Evacuee narrates story: “How can we talk to helicopter?”
TALAINGOD, Davao del Norte – “It was our first time to see helicopters up
close, but instead of moving closer, we ran away and hid,” Langlan Colot, a
corn farmer from Sitio Inaloy village in Barangay Dagohoy here, recounted
his experience on March 14 when military helicopters launched air strikes in
Colot, a middle-aged Ata-Manobo, told MindaNews Sunday afternoon that like a
child, he was amazed hearing the approaching helicopters.
But when they started shelling an area in the village, he said, we ran away
and hid behind piled logs.
“It would have been better if those who were firing are soldiers because we
can call their attention and talk to them,” he said in the vernacular.
“How can we talk to helicopters? They are high above. We are nothing
compared to them,” he said.
Colot, his wife and five children are among 32 families who fled Inaloy, a
village of the Ata Manobo tribe in the hinterlands of this remote town,
three hours by car north of Davao City and at least P500 on motorcycle from
Barangay Sto. Nino, or what is touted to be the town center.
Colot said they fled fearing they might be caught in the crossfire between
the military and paramilitary group Alamara and the New Peoples Army (NPA).
“It’s better to be stuck in the crowded rooms of the Tibucag school, as long
as we are safe,” he said.
The evacuees have spent 10 days in the school since the March 14 air strike.
The human rights group Karapatan said three children were hurt during the
air strike Carding Colot, 16; Lariang Colot, 12; and and Ongag Taluwa, 10.
Karapatan estimated a total of 79 Ata Manobo families, including those who
fled from Laslasakan, another village in nearby Palma Gil barangay.
The military denied civilians were hurt, claiming they were only pursuing
“visible members of the New People’s Army.”
Major Randolph Cabangbang, spokesperson of the AFP’s Eastern Mindanao
Command, told MindaNews Sunday that the March 14 air strike was part of a
continuous operation in the area.
He accused Karapatan of focusing on the alleged atrocities committed by
soldiers against civilians. “There were no civilians hurt in those air
strikes,” he said.
Cabangbang insisted on using the phrase “air strikes,” not “bombing” during
a phone interview with MindaNews Sunday night. He said they targeted NPA
members in the area, who were reportedly sighted in Inaloy.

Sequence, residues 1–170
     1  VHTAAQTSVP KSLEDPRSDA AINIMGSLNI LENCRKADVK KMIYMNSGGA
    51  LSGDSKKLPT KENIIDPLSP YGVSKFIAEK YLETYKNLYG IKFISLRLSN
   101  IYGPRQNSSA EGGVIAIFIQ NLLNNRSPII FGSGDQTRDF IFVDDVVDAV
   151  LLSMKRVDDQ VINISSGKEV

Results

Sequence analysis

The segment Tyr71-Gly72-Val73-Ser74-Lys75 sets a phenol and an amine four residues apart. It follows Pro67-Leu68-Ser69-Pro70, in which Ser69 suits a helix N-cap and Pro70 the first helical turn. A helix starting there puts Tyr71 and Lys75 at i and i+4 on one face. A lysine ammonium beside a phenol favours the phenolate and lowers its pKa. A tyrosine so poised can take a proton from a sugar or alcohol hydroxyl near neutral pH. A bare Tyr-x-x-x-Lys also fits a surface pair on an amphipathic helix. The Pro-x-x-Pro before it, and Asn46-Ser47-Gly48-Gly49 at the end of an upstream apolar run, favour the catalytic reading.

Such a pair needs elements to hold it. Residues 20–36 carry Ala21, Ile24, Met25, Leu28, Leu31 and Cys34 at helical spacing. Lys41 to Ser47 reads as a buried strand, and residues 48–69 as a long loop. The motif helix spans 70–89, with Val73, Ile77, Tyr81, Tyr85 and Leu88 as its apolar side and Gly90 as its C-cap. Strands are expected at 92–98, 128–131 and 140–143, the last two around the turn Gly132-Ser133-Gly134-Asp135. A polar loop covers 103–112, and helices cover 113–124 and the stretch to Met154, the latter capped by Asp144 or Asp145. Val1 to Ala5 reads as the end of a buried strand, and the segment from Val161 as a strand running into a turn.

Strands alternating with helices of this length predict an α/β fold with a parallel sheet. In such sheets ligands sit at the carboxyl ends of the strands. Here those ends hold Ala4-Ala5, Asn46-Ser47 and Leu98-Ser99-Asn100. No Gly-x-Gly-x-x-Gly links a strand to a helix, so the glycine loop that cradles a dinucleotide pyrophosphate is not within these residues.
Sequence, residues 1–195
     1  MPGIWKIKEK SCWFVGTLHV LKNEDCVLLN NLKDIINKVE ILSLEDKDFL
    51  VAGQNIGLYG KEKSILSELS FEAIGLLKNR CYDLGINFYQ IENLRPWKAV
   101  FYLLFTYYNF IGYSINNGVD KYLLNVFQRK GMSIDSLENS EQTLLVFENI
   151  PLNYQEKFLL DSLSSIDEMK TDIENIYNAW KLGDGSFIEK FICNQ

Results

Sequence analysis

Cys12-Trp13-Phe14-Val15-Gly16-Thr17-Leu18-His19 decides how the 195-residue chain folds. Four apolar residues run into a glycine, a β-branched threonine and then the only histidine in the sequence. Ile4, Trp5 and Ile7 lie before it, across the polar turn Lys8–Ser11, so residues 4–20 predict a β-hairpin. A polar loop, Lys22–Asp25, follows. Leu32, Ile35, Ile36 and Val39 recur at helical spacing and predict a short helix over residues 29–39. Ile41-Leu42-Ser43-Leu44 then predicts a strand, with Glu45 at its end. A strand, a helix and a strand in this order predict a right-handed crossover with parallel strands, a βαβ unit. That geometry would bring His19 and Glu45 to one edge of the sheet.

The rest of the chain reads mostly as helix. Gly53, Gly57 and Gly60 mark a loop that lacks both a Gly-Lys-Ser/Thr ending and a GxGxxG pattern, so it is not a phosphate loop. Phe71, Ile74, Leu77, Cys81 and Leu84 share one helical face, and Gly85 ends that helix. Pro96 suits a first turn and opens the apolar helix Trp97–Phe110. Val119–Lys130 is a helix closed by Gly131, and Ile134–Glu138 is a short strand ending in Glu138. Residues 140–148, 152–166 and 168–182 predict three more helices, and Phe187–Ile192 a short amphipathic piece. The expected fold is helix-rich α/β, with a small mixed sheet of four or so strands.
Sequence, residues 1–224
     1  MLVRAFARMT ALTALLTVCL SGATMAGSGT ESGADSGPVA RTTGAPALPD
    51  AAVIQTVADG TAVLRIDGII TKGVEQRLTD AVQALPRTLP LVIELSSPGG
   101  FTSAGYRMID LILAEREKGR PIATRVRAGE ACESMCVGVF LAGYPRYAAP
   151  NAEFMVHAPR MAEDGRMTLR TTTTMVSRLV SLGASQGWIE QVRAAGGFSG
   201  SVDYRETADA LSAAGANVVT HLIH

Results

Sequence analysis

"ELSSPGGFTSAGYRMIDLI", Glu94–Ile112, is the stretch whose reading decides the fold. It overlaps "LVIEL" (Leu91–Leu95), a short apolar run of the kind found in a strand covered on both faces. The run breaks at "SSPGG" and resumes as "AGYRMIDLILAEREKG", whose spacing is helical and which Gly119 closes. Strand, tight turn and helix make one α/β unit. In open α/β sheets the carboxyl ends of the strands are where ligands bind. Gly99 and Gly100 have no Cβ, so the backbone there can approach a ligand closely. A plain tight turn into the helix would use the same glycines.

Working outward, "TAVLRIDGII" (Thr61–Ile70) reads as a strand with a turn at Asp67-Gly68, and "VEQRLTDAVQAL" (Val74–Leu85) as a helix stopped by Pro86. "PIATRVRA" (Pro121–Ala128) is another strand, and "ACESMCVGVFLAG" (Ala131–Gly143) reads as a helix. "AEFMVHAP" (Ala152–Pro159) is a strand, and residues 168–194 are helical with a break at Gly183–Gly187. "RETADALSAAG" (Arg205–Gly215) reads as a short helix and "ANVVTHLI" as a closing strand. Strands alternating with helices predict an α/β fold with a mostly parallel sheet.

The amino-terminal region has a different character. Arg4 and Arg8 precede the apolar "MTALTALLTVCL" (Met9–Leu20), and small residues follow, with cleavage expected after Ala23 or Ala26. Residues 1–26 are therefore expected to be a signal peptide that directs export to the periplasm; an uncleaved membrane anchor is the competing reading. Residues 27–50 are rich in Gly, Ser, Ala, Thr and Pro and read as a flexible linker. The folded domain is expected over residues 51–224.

He accused Karapatan of allegedly kidnapping a language tutor identified
earlier as Danilo Paraynon.
Karapatan denied kidnapping any teacher and clarified “Danilo Paraynon” does
Kelly Delgado, secretary general of Karapatan southern Mindanao, told
MindaNews in a telephone interview that the military is in a “state of
denial” on its alleged human rights violations in Talaingod.
But he identified Danilo Maylas as the language tutor who came to
Davao City”voluntarily” on March 22 along with four community leaders
Maylas and the tribal leaders have since filed a complaint at the Commission
on Human Rights against the alleged violations of the military.
He said the military is deceiving the public on the bombing of the civilian
Delgado said Maylas’ affidavit said the M-203 ammunition that exploded and
hurt the children came from the two helicopters bombarding the village.
“If they said the strikes were meant for the NPA visible in the area, then
they should strike at the rebel position not at the tribal communities,” he
Colot, speaking in broken Cebuano and communicating with an interpreter,
told MindaNews, the three children were hurt accidentally after the M-203
ammunition they mistook for a toy exploded.
Colot said fleeing has caused his displaced family insecurity, especially
that food and medicine supply in Tibucag is running out.
Colot has to clean a corn farm nearby. “But half a day’s work is only P20
and work comes scarcely,” he said.
Talaingod mayor Pilar Libayao assured the local government will take care of
the evacuees’ needs.
He appealed for food and medicine for his family and the rest of the
evacuees saying they would stay in Tibucag until the government assures them
it is safe to return.
“Please send in food and medicine. But our greatest need is to go home. We
want to live normally,” he said. (Walter I. Balane/MindaNews)